On the occasion of the African Cup of Nations (CAN), which takes place until February 6 in Cameroon, CAF has set up six fan-zones across the country for football fans who do not have not the opportunity to go to the stadiums. Report in that of downtown Yaoundé.
Live the collective experience of African Cup of Nations without going to the stadiums, this is the principle of fan-zones, these spaces where people come to vibrate around football without being at the heart of the events. For CAN-2022 to benefit Cameroon’s 28 million people, the African Football Confederation (CAF) has set up six official zones across the country, to which are added a multitude of smaller and unofficial ones offering spectators who want a place to commune together.
Opposite the Yaoundé town hall, in the Tsinga district, one of these spaces stamped CAF has opened. It is built on a huge roundabout, around a stele commemorating the fiftieth anniversary of the Universal Declaration of Human Rights. On this hectare, giant screens, stands, food stands and small shops in honor of the 24 nations competing in the African Cup.
“Today, Gabon and Burkina Faso are playing. It’s rather calm and we can move around. But if you come on a day when it’s the Indomitable Lions… On the day of the opening match, there were 11,000 people!”, explains the general commissioner of the site, Malet Mal Njam.
“Cameroon is a country of football”
Cameroon jersey on the shoulders, Christine Essomba, 30, discovers the initiative with her friends during a drink.
“I didn’t know this place existed, but now I’m going to come back every day. The atmosphere is nice, there are people, emotion”, explains the young woman, installed closer to the giant screen . “Everyone watches CAN in our families, but I prefer to be on the street, in bars to experience the emotions. It’s much more alive.”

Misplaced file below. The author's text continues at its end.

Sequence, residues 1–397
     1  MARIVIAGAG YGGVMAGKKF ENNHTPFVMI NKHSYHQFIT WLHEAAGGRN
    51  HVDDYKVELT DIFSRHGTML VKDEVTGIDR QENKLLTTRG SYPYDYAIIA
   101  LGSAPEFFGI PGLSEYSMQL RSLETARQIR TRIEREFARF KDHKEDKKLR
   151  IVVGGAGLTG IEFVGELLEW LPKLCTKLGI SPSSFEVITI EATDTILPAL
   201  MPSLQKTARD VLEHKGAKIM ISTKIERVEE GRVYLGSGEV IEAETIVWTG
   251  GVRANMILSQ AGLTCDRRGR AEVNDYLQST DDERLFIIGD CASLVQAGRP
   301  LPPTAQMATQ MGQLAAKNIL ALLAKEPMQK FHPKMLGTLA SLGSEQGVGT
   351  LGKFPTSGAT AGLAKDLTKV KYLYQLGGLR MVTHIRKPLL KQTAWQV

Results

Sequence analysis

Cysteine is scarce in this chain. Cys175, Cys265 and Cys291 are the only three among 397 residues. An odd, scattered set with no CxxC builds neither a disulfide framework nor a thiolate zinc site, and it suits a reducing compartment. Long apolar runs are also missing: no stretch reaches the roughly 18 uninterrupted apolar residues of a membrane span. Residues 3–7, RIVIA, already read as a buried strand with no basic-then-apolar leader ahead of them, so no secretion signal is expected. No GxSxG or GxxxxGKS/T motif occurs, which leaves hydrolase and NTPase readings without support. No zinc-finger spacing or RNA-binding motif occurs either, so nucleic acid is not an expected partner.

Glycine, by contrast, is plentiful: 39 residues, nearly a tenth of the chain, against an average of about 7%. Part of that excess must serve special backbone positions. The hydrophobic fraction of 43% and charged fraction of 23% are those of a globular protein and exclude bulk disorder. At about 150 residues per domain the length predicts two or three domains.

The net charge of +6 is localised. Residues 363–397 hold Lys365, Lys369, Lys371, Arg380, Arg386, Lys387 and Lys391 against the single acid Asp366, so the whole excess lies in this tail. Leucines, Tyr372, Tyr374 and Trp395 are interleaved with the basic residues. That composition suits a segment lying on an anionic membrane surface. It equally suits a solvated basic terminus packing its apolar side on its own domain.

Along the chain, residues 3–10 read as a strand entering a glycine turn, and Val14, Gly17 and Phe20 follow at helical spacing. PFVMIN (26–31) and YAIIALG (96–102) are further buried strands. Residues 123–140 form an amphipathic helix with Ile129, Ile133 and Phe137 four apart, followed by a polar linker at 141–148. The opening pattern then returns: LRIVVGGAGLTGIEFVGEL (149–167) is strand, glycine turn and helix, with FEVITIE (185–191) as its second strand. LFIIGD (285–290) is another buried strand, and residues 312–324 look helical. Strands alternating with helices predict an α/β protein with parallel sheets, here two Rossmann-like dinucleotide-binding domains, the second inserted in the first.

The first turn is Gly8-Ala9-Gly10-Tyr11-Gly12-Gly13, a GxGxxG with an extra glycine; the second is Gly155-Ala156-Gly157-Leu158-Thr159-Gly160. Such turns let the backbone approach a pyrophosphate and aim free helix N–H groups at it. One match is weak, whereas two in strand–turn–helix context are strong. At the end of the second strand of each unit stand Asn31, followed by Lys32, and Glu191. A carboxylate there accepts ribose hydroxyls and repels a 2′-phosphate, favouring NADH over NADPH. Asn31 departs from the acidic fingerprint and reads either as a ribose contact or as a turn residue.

“We’ve been waiting for the CAN to take place in Cameroon for eight years. I’m not a big fan of football, but since it’s the African Cup and it takes place in my country, I want to take advantage of everything that is going to happen. Eight years that we have been waiting for it”, enthuses Christine, who, in the absence of Cameroon, encourages Burkina Faso against Gabon.
A few tables away, Elvis Ondo Nkoulou is installed with his brothers. This 41-year-old Gabonese came from Libreville to encourage the Panthers. The small group dressed in yellow, green and blue enjoy the round of 16 by drinking a local beer, the pride of Cameroon. After seeing Gabon’s first three games at the Ahmadou-Ahidjo stadium in Yaoundé, he had to fall back on the fan-zone for the next round, his Panthers having been sent to Limbé for their first match.
“The fan zone is well organized. There is food and drink. It’s very nice. Even if the stadium is still something else!”, smiles the Gabonese. “Cameroon is a football country. I knew the atmosphere was going to be friendly.”
“People come here to be together. We have a lot of foreigners looking for a place to watch the AFCON. On the weekends, people come to spend some family time with their children. The rest of the time, it’s often rather well-to-do people aged 25-30 who settle here to relax after work”, notes Malet Mal Njam. “Young people don’t come too much. They prefer freer places with fewer rules. Everyone has their own way of partying.”
“There are days when we fight for customers”